write something for my son while he was still young enough to appreciate it so I decided to write a kids book a day.

This was the first one I came up with and I kinda just went with it. As for the art I’d never drawn anything before this book, nothing of substance anyway, so that was the real challenge of it. Drawing takes forever!

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JEAN:  Your first printing sold out almost instantaneously, your subsequent printings sold quickly as well, and now you’re on your 5th printing. Wow! It seems that your message is so very appreciated and needed. Why do you think this is so?

DALLAS:  Actually I think I’m on my 10th or 11th printing at this point…hahaha. I’ve lost count. I guess I tried to approach writing the story from a universal perspective. I think all the best art comes from a thematic place, rather than being strictly a story or strictly a visual piece the most amazing things usually help speak to something larger, answer a bigger question.

For me reading books to my son I found that so many of the classics, the real heavy hitters, did that so I knew I wanted to try and play in that world. I feel like regardless of your age, race, religion, social status, where you are in the world you can relate to the idea of dreaming, of wanting to make the world better so I felt like that was a natural place to start.

An Awesome Book - Child holding book

JEAN:  I understand that you are giving away a copy of An Awesome Book for every book you sell – putting the free copies directly in the hands of children at places like hospitals and schools. What a great way to give back! And considering the message of your book, it makes me a little teary eyed to think of the lives you could be affecting. Can you talk about your decision to do this?

DALLAS:  Yes well the short answer can be seen in this video : http://www.veryawesomeworld.com 

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But to expound a bit on that – I always felt like the models that existed for sharing books with kids were fairly limited. I know when an author would come read at my sons school, my son would come home with this pamphlet that said “please send a check for x amount if you want to buy this book, etc” I just always pictured myself as the kid in the classroom who wouldn’t have brought the check in, the only one who didn’t get the book. For me since I didn’t go through a big publisher there’s no red tape there’s no larger confusing math problem to solve to try and get as much money as possible out of the books. I can base my model simply on sharing, and since I am small enough and have enough lateral movement the Awesome World Foundation can give away a book for every one I sell. Touring around and reading to kids is pretty much the best thing ever, being able to give them a book that I wrote and talk to them about their hopes and dreams…well that’s pretty unbeatable.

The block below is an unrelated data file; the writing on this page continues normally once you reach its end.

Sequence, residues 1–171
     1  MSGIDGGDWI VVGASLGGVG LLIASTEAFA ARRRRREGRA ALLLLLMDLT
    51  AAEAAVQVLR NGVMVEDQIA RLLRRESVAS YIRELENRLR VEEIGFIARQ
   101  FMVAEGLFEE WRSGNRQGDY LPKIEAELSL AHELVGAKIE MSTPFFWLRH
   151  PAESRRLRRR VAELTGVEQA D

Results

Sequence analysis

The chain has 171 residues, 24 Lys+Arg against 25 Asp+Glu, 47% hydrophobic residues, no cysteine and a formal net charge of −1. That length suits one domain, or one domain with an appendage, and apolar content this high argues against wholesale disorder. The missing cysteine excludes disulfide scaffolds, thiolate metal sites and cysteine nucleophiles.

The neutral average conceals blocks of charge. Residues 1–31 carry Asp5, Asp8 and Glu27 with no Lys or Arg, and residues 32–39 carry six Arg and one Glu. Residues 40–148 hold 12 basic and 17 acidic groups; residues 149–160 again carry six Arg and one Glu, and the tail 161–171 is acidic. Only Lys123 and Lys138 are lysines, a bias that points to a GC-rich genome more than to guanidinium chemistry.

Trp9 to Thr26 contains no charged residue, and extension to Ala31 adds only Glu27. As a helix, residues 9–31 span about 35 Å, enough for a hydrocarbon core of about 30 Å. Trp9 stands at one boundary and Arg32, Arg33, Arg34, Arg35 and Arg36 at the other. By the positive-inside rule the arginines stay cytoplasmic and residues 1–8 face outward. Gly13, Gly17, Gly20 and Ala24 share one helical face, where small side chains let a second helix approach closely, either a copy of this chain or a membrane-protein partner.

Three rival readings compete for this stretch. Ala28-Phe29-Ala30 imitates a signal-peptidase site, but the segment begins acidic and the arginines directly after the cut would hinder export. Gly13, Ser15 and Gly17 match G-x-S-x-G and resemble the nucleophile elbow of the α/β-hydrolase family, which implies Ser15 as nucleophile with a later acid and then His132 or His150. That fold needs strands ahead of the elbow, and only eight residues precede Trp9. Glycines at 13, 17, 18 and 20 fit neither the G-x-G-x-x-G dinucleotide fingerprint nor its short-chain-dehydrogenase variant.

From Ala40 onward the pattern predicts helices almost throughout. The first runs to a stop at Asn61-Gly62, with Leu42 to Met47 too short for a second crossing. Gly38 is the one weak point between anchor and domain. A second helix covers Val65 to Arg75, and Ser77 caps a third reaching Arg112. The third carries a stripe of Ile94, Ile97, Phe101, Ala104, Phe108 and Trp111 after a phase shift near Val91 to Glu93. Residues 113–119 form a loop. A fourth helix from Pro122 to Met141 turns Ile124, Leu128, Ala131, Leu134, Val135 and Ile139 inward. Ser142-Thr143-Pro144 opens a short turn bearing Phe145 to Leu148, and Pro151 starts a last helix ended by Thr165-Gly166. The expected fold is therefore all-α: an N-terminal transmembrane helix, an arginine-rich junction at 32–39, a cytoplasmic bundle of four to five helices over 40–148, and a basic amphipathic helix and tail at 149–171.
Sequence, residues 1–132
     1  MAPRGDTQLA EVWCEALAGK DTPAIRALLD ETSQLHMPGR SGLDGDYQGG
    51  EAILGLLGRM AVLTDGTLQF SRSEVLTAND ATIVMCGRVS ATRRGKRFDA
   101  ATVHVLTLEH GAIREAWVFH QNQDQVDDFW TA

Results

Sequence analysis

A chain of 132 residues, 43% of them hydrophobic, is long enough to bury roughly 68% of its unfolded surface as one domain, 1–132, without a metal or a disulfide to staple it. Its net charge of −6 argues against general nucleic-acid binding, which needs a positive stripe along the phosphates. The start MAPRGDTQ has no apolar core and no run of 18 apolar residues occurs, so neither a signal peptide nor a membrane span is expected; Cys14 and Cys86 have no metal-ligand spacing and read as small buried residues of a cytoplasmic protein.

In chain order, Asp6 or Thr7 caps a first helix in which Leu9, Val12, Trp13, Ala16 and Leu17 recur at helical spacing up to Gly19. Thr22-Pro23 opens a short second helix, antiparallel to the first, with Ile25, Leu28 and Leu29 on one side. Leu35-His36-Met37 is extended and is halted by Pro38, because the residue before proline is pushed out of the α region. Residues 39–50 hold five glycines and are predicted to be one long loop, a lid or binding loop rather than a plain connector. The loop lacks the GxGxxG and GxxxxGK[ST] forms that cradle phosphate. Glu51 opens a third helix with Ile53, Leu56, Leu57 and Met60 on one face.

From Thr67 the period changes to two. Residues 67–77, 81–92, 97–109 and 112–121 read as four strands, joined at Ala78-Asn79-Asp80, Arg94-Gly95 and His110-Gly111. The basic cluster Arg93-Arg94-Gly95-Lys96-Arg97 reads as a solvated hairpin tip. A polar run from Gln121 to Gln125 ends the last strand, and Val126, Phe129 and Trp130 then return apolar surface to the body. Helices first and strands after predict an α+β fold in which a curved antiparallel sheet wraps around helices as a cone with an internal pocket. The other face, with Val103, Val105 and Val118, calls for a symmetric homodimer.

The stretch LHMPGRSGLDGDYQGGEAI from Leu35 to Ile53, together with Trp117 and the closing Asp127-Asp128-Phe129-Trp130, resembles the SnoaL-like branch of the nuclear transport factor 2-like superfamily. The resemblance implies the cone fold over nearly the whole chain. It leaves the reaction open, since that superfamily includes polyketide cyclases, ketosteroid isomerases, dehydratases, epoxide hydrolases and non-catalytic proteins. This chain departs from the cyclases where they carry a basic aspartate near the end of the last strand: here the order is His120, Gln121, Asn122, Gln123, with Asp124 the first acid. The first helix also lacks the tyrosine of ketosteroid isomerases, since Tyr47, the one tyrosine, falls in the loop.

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JEAN:  You mentioned that you and your six-year-old son painted a mural together on your kitchen wall in preparation for this mural that you painted. Can you talk about the process of creating art side-by-side with your son?

DALLAS:  Well as most parents know, the whole process is about growing and changing and exploring who you are as you try to teach someone else who they can become. So many of the things I’m doing in my life right
now, with the book, and art, and touring, and making things are all things I’ve never really done before – at least not to the level which I am doing them now. So the way I see it, including my son in this process puts him at the ground floor of learning these things with me. It’s rare as a parent that you get to stand with your child and say “I’ve never done this before either, but it looks pretty amazing, you want to try and figure this out together.” That’s a pretty special feeling. Being able to take him on tour with me, to go to other schools and read to kids, to give away books with me, I think it’s a beautiful time to share. Also he’s my favorite person in the whole world so that’s a pretty amazing bonus.

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JEAN:  Is there anything else you’d like to add?

DALLAS:  Thank you so much for the interview, and to your readers please help spread the word! All the support I’ve had so far is tremendous, and all of it is because of amazing people going out of their way to share. 

An Awesome Book by Dallas Clayton

JEAN:  Thanks for being so awesome, Dallas! And thanks for creating such an inspiring book for our next generation of thinkers, creators, dreamers, leaders, and parents!